What sustainability teams can learn from brand and marketing teams to crack the brand purpose code

As brand purpose becomes a mainstream business idea, brand and sustainability teams are beginning to work together more closely. Traditionally, these teams have very different ways of working - different governance structures, different measures of success and even a completely different language.

What sustainability teams can learn from brand and marketing teams to crack the brand purpose code

So, what can sustainability practitioners learn from their brand and marketing colleagues about how to develop sustainability strategies that create value for the brand and the business?

Invest in insight

Sustainability teams have always sought the input of external stakeholders as part of the materiality process. But frequently, customers aren’t a big part of this. Unless your sustainability strategy is relevant for your customers, it’s impossible to make it core to your brand. And without this, it’s difficult to move beyond managing risk and reputation to creating more business value.

Brand and marketing teams are often brilliant at this. They spend time and budget getting under the skin of their customers – understanding the world they live in, their behaviours and motivations, and what they want from the brand. This crucial insight helps the brand stay relevant and helps create a brand story that connects with customers emotionally because it genuinely matters to them.

For example, when Axe launched a new brand positioning supported by a campaign to help young men connect with the concept of the changing nature of masculinity, it was in response to a genuine customer need. Axe recognized that it could play a role in exploring the answer to ‘what it means to be a man’. The result was an ambitious campaign from a brand that had previously dealt almost exclusively in macho stereotypes and “fallen angels”. As a consequence, Unilever saw a reappraisal of the brand among an audience with changing needs and values.

At Given, we’ve been pioneering an approach called co-creation to help our clients build their purpose and develop ideas that create positive change. The approach involves bringing together big groups of customers, experts and colleagues to develop ideas and solutions to purpose-related challenges. It’s a powerful tool for generating valuable customer insight, helping us understand what customers care about most and how they can have the biggest positive impact on their relationship with the business.

A ruthless focus on simplicity

As sustainability practitioners, we know that the world we operate in is complicated – full of interconnected and often nuanced issues. But when you consider the multitude of propositions, product benefits, new product development, channels, messaging and metrics, are things really that different for brand marketers?

One of the big differences is that brand marketers know how to cut through complexity and express complicated business ideas with simplicity. Brand purpose ideas should similarly be simple to express. They should be a single idea or vision to unite employer, consumer and corporate audiences.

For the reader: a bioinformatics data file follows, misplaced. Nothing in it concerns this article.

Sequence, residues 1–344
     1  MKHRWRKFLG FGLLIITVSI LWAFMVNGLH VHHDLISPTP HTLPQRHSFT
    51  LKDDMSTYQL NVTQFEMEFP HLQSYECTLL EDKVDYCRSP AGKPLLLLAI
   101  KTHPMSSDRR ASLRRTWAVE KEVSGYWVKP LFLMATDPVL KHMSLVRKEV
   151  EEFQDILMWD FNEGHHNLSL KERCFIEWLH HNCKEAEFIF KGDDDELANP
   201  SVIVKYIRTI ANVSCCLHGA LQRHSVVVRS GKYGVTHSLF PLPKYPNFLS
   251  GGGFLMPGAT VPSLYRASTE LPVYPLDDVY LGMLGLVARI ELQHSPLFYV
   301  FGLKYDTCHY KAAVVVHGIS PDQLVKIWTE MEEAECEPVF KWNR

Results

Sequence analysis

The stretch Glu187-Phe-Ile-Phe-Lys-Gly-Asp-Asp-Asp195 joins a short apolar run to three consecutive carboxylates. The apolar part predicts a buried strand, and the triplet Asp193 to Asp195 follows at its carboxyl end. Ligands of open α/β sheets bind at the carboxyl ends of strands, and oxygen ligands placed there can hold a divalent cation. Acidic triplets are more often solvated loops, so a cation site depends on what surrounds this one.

H&M Conscious is a great example of a simple, unifying purpose strategy that works as a distinctive CR and sustainability brand story, a bold and ambitious vision for the business (to use 100% sustainable cotton by 2020) and through Conscious Exclusive, creates the basis for a communications campaign that makes sustainability desirable to customers and provides a reason for them to engage.

More sophisticated ways to inform decision making

Best practice sustainability teams set long-term strategies, with clear goals for the changes the business will create in the world. Typically, these are underpinned by shorter-term KPIs to help keep the strategy on track. However, these KPIs are frequently only reported against annually and can be a blunt tool to diagnose potential issues.

Brand marketing teams have adopted more sophisticated and responsive approaches for keeping the business on track in delivering brand and marketing strategies. For example, NPS (net promoter score) provides a decision making tool where brand teams can spot what they need to change. Although critiqued for its simplicity, NPS provides a fast, actionable metric for teams to get a sense of customer satisfaction so they can identify and react to challenges quickly.

Apple uses NPS to systematically listen to its customers and manage its business based on what it hears. An example of where the business benefitted from using NPS in a reactive way was when it changed its disgruntled customers into loyal customers by gauging how effectively each of their stores were performing, and then personally calling each customer who gave a low score. Research showed that each customer who was contacted would bring in on average an extra $1,000 worth of business within a year.

As purpose is fast becoming an essential ingredient in the mainstream marketer’s toolkit, sustainability and marketing teams can and must work together. For both sides, it’s a new way of thinking that we call brand purpose with substance, involving marketing initiatives that demonstrate responsibility, communicate brand values and express a meaningful purpose that will have lasting impacts on the business, customers, and ultimately the world.

Becky Willan

Topics: CSR & ethics
Tags: apple | Communications | Materiality | unilever
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